I have been trying to make an example of this style coif for several years. So far, my attempts have not matched my expectations. I have tried making the coif with the method that calls for a separate wired brim that has a caul gathered onto the back. The pattern for this came from "The Tudor Tailor". This is a side view of a draft that I was working on for Arilyn’s Kentwell outfit in 2008, and this is a view from the back. Unfortunately, I do not have any good pictures of the final coif, but it turned out about just like this one. The coif suffered a rather unfortunate end when the little girl's father picked up the coif with the white laundry and threw it into the wash.
I think that I am moving into the camp that believes that they were made of one piece of linen that has a wired brim. It is just making sense to me that the coifs could be drawn up, much like we now realize that the flat coifs were tightened, by using a drawstring. The flat coifs employ a particularly long drawstring, as has been evidenced by extant examples that still had theirs intact. The prevailing belief, based on portraiture, sculpture and brasses, is that the drawstring was pulled tight beneath the base of the hairstyle, and then pulled up over the top of the head, crossed just in front of the braid, and then pulled back down and tied beneath the gathered portion of the bottom edge of the coif. This gives you a very snug and well fitting head covering, that is practical and attractive.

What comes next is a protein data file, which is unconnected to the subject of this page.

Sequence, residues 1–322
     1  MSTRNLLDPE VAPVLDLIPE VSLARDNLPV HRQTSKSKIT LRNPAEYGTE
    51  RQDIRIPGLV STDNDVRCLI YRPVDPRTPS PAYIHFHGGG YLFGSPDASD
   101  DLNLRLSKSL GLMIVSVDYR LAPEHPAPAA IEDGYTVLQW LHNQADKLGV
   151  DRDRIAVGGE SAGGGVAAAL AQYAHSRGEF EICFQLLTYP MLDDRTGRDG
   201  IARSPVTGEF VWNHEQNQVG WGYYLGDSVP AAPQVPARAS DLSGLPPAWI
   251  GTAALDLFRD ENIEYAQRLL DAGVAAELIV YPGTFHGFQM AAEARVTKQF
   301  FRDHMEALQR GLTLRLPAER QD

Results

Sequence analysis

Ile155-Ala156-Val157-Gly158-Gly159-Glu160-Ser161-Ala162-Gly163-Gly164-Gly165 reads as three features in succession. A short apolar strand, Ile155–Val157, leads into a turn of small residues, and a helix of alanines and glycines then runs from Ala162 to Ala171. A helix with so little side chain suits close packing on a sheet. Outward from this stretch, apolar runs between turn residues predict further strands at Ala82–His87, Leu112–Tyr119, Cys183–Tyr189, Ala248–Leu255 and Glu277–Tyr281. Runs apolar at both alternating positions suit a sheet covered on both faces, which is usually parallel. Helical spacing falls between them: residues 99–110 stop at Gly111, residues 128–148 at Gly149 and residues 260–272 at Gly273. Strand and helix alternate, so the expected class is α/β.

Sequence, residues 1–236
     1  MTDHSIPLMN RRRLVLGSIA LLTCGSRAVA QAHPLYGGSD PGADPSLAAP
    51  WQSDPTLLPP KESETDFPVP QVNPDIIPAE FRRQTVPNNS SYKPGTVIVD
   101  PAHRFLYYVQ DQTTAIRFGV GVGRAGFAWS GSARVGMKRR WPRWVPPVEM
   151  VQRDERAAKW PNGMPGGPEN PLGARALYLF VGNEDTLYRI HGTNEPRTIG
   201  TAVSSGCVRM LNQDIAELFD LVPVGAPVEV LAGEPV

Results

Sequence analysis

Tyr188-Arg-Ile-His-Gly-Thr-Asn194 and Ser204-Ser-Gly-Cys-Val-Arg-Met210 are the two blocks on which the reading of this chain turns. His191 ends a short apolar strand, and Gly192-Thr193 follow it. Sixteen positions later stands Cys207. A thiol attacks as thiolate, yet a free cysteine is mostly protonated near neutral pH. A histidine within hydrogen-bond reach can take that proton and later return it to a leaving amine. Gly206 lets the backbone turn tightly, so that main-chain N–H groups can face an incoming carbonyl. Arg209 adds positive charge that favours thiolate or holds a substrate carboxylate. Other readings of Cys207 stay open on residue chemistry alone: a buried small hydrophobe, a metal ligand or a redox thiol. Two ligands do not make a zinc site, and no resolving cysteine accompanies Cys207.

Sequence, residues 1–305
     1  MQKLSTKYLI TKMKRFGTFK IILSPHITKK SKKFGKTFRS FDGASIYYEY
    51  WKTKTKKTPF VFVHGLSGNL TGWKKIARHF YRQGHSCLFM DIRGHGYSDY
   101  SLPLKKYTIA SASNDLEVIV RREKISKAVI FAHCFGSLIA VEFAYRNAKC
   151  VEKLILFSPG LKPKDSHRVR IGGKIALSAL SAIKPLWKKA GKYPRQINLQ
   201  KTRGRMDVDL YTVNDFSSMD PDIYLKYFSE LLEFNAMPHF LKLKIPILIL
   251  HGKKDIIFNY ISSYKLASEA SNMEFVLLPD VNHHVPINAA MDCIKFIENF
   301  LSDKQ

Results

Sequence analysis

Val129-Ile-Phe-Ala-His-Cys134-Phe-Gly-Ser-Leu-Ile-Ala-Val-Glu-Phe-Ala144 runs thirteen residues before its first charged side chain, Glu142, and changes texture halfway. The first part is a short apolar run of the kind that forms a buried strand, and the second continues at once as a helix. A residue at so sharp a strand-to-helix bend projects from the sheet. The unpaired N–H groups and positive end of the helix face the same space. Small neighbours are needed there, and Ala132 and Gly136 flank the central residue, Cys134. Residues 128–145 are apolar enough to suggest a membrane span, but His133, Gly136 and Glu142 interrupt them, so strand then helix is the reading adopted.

The following photos were taken today of the coif that I made over the holidays. Truly Carmichael, proprietor of Truly Hats (www.trulyhats.com), has been working on a design that she arrived at after much study and research into this form of headwear. She and I compared notes, and both of us feel that this is definitely one way that this style of coif could have been made. I am not nearly clever enough to come up with a pattern like this all on my own, and was thrilled that she had already done all of the hard work! She graciously copied one of her patterns for me, and this is my first go at making one for myself. It is of a fine linen with a wired brim. I sewed a casing along the underside (for the drawstring), and worked a bit of twill tape through to gather it up with. The hem is all hand worked, and the wire was inserted as I stitched the hem along the front brim edge. I then went back and stitched on the cotton lace.
Of great importance is the underlying hairstyle. Truly believes that the hair, braided up on the back of the head, is what gives the distinctive look that we see in many of the paintings of the period. I am very fond of the method for dressing the hair as demonstrated by Ninya Mikhaila and Jane Malcolm Davies in “The Tudor Tailor”. A good website that shows a woman actually putting up her hair in this method can be found here. In these photos, I have my hair up in the back, and then grabbed a fake braid from my Courtesan costume box and added that as well. As you can tell from the rear photo, the additional braid was slipping down into a bit of a lumpy mess, but that was because it was too long and heavy for the bobby pins that I was using. I have a hairpiece that is already braided and ready to go for this hairstyle, but of course I could not find it when I was grabbing my coif and the camera. I realize I should have put my hair up in rats on the front, but I could not find but one of them and that would have looked totally silly.
I am going to re-make this, and will add a bit of extra fullness at the front, as well as a bit on the sides. We shall see how it comes along, and I will post my progress here.
Here are the pics.